Fixating on establishing your “brand” can leave you kind of lonely. You’re at risk of neglecting what’s most important in building relationships with customers, clients, and readers: communicating how you can help them. If you talk about yourself too much you’ll soon just be talking to yourself. No one really cares, and won’t be listening for long. Instead, tell stories about how you can make your readers money … save them time … improve their lives.
Before crafting your narrative you have to know why people buy. Notice number 16 on the list below culled from the book Rapid Response Advertising by Geoff Ayling – “to communicate better.” PubArts understands that in helping you (our customer) communicate better, what we really need to discover is what YOUR customer desires.
We don’t want to prattle on about ourselves in this moment (and choke on the irony), but do point out that we can also help you (and yours) with numbers 1, 2, and 3, among other goals. And while we might be at a loss with number 11, we are quite practiced with rejuvenating communication materials and strategies.
1. To make more money
2. To save money
3. To attract praise
4. To increase enjoyment
5. To possess things of beauty
6. To avoid criticism
7. To make work easier
8. To speed up work
9. To keep up with others
10. To feel opulent
11. To look younger
12. To become more efficient
13. To buy friendship
14. To avoid effort
15. To escape or avoid pain
16. To communicate better
17. To be in style
18. To avoid trouble
19. To protect family
20. To express love
So you’re writing an article about new laws. Being thorough, you do a computer spell check when you’re finished. Now, thanks to technology, you’re good to go.
Too bad the word you meant to write as “statutes” came out as “statues,” and the computer didn’t think to correct it. Because statues is also a word. And because computers don’t think. That’s your job.
Consider yourself lucky: you could have typed “pubic” instead of “public.” It happens.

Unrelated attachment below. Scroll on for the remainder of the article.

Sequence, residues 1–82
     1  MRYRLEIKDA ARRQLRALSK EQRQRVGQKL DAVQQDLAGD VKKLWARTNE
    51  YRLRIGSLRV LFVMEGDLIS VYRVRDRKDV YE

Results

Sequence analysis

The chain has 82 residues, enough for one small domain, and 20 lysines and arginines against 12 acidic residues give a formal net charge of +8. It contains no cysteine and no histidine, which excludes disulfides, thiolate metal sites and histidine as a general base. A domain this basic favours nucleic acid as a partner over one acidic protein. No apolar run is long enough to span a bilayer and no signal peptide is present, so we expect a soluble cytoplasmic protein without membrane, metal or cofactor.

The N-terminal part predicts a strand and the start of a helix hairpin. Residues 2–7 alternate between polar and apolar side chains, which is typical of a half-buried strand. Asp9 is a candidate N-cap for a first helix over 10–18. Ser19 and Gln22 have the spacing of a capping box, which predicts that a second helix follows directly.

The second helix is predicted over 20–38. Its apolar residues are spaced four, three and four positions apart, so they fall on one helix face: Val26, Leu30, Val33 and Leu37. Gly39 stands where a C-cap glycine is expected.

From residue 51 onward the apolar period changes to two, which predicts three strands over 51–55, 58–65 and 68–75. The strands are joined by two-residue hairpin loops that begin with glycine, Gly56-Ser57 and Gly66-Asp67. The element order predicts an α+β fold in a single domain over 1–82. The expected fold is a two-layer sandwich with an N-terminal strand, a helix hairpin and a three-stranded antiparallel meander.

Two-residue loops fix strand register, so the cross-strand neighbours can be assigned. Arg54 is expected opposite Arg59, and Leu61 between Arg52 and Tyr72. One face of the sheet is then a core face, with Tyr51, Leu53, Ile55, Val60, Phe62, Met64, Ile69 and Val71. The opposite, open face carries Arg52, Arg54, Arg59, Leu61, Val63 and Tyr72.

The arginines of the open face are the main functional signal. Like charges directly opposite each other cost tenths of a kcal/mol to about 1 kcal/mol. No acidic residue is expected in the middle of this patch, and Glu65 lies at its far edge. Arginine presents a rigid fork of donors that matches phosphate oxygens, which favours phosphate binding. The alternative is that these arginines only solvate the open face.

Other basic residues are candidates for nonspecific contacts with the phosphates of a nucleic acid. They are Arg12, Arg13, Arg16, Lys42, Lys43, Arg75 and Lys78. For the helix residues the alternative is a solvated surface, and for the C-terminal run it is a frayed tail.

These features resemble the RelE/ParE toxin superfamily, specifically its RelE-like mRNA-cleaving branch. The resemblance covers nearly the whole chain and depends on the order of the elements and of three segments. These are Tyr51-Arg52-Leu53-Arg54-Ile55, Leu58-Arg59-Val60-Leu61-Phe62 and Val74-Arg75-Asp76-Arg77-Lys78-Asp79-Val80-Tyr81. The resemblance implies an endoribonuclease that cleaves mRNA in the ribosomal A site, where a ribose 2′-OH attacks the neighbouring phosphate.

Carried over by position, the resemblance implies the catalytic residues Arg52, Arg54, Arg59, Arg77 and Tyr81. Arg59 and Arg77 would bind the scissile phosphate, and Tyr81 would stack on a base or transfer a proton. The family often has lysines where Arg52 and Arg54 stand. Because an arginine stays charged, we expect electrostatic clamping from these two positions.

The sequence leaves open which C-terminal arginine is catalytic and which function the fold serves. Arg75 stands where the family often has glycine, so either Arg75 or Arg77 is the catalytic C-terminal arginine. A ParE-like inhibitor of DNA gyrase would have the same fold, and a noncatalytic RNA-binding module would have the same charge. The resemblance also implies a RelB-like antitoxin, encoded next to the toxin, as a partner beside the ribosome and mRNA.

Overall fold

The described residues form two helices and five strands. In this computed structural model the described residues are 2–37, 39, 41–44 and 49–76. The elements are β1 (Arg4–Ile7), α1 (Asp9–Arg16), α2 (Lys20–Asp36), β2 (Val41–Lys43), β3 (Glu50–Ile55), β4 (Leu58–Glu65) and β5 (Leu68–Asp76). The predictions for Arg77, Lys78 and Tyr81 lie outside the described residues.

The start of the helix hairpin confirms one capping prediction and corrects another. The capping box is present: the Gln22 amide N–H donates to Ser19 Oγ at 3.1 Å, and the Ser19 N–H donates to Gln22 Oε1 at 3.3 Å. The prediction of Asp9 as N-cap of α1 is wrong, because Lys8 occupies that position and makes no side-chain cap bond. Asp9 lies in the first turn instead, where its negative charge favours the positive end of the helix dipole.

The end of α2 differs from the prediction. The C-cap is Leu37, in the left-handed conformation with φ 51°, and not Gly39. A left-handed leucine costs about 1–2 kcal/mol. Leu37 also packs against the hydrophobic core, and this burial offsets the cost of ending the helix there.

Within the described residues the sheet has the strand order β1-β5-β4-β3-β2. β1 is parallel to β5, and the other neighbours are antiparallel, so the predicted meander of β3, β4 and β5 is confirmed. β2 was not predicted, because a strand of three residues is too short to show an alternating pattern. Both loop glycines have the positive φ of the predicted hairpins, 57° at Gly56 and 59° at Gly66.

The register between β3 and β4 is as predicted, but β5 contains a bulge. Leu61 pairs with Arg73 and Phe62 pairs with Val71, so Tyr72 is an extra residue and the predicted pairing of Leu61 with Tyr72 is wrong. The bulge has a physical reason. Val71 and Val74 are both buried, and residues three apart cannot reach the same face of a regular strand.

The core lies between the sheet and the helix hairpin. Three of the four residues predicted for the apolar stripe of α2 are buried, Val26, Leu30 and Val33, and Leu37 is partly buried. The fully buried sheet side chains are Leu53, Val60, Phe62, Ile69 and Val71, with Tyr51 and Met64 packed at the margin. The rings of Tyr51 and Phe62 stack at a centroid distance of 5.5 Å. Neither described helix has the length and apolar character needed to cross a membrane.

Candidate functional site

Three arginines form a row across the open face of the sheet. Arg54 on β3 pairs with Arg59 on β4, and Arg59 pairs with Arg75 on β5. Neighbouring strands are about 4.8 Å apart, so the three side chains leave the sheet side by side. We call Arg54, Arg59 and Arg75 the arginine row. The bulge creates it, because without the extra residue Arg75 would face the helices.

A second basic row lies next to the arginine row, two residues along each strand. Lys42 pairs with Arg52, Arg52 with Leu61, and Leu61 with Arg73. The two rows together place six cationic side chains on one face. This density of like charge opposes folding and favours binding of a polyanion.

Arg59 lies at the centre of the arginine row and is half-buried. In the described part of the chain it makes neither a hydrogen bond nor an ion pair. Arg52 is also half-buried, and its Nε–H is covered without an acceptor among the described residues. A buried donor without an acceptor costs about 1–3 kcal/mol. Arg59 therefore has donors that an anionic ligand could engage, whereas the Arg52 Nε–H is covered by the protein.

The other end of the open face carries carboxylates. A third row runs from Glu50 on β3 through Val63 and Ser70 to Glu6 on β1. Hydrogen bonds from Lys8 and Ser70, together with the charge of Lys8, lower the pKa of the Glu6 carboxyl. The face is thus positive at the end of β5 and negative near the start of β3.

You have to be careful; there are so many ways to get caught with your pants down when it comes to professional communications. You may be writing about policies, but end up with polices. Resigned can become re-signed. Just. Like. That. Or you might type a word according to how it sounds and end up with sense instead of since. Or peak instead of pique (or peek), woe when you meant whoa.
Editing is integral to good writing, and it has many levels, from structural to proofreading. The more important the document, the more crucial it is to have an outside editor assist you in your cause. Even as simple a task as proofreading may seem, it’s difficult to perform properly on your own work. That's because your brain knows what you meant to say and will read something that isn’t actually on the page or screen. Your brain is just trying to be helpful -- helpful like a lame friend who doesn't know how to tell the truth you need to hear.
One way to avoid an ugly confrontation with yourself is to proofread your work backwards, from the end to the beginning. This forces you to read each word individually instead of scanning whole sentences. Still, reading backwards is most effective if you are only looking for incorrectly spelled words and less so for catching correctly spelled, but incorrect, words. So you might also employ the following trick: search for “danger words” after you’re finished proofreading. For example, if you intend to use the word “public” be on the safe side and search for “pubic” when you're done. Similarly for “manger” if you use manager in your publication, “contact” for contract, "county" for country. Or vice versa.
A sloppily edited piece makes you look bad and may even cripple your objective. If you don’t have the time, inclination, or aptitude to proofread (or do other editing) properly, contact PubArts. We guarantee a 24-hour turnaround on small projects. We'll help you out. Unlike that unreliable so-called friend of yours, your brain.
Finally, through the gloom of our economic circumstances we can see a beacon. Thing is, it’s attached to an oncoming locomotive called the China Express.
The People's Republic has left behind Japan, Germany, the UK, France and Italy. Already the world’s biggest exporter and energy consumer, it has its sights on soon overcoming longtime number one America.
But outside of bragging rights, why should we care? Why get our delicates in a twist? Nationality matters far less today than skill sets. Whatever your citizenry you can prosper -- if you stay ahead of the train. (Indeed, some argue that countries are passé anyway. It’s the key global cities that matter: http://bit.ly/buP8Y2)
Determination to avoid irrelevance propels us to adopt new gadgets and adapt to new lifestyles. That’s why we’re all learning to communicate through social media, right? We were all going about our business just fine before its advent. And now you hardly engage the world without it.
Social media is increasingly where the jobs are -- for instance in tourism, the world’s largest industry by some measures: http://bit.ly/c5zqGY.